Rationale: Action monitoring has been studied extensively by means of measuring the error-related negativity (ERN). The ERN is an event-related potential (ERP) elicited immediately after an erroneous response and is thought to originate in the anterior cingulate cortex (ACC). Although the ACC has a central role in the brain, only a few studies have been performed to investigate directly the effects of drugs on action monitoring. A recent theory argues that the mesencephalic dopamine system carries an error signal to the ACC, where it generates the ERN.
Methods: ERPs and behavioral measurements were obtained from 12 healthy volunteers performing an Eriksen Flankers task. On each of the 4 test days, the stimulant D-amphetamine, the sedative lorazepam, the antidepressant mirtazapine, or a placebo was orally administered in a double-blind, four-way crossover design.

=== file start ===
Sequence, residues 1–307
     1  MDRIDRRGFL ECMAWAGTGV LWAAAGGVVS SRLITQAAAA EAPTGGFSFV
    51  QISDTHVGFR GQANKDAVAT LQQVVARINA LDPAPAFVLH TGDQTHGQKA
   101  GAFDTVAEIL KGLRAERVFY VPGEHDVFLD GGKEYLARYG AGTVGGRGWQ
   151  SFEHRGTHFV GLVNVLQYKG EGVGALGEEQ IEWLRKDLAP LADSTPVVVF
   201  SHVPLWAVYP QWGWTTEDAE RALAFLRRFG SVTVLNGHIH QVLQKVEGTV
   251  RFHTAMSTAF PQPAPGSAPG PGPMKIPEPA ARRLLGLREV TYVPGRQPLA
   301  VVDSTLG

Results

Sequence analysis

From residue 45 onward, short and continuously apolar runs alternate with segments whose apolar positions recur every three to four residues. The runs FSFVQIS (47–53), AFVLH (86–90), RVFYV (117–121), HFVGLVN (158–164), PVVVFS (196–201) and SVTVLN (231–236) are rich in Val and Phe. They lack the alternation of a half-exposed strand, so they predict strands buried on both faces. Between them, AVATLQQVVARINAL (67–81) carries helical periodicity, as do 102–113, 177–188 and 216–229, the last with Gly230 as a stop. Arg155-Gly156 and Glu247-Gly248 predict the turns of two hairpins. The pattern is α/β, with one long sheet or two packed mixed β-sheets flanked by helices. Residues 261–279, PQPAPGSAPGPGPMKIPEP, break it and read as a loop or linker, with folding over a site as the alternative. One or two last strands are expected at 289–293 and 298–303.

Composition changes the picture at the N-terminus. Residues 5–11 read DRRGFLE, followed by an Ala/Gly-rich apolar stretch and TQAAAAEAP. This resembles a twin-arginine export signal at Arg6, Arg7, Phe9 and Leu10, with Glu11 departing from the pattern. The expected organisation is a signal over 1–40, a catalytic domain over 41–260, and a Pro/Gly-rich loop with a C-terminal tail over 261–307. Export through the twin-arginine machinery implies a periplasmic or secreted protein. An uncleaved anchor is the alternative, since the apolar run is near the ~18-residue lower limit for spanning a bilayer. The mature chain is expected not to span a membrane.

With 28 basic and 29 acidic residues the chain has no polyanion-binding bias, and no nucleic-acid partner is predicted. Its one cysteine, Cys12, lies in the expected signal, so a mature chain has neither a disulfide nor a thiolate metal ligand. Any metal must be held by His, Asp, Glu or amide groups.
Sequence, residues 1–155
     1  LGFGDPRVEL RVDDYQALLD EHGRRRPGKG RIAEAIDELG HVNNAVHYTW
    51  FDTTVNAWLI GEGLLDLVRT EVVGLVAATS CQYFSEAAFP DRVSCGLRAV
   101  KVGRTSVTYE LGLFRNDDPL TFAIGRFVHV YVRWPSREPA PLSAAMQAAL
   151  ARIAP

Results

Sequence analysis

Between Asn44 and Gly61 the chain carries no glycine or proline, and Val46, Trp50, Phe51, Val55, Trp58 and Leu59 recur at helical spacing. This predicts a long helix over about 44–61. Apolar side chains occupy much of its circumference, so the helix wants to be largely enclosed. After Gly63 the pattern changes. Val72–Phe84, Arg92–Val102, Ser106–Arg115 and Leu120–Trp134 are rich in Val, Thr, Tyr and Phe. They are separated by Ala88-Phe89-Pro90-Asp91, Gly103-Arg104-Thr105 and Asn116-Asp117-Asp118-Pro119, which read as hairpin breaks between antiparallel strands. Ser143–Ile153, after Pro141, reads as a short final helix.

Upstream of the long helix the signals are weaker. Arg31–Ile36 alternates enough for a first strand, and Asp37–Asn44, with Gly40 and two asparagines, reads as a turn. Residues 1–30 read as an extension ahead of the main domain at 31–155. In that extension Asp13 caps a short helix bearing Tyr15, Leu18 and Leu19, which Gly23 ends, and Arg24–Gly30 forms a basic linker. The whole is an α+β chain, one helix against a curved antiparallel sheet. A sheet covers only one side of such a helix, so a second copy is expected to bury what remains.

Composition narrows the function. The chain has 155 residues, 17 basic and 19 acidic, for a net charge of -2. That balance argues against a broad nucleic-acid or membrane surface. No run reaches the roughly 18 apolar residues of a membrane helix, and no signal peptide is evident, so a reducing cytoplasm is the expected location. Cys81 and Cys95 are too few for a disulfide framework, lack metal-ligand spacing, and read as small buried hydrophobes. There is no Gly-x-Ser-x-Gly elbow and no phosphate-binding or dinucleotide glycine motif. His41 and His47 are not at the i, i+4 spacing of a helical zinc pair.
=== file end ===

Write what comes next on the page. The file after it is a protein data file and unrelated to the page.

Results: The indirect dopamine agonist amphetamine led to a strong enlargement of ERN amplitudes without affecting reaction times. Lorazepam and mirtazapine both showed slowing of responses, but only lorazepam led to reduced ERN amplitudes.
Conclusions: Administration of amphetamine leads to stimulated action monitoring, reflected in increased ERN amplitudes. This result provides evidence for dopaminergic involvement in action monitoring and is in line with differences in ERN amplitude found in neuropsychiatric disorders also suggesting dopaminergic involvement. The different effects for lorazepam and mirtazapine are probably caused by the neurobiological characteristics of these two types of sedation. Action monitoring is suppressed after administration of lorazepam, because the GABAergic pathways directly inhibit ACC functioning, whereas the histaminergic pathways of mirtazapine do not innervate the ACC directly.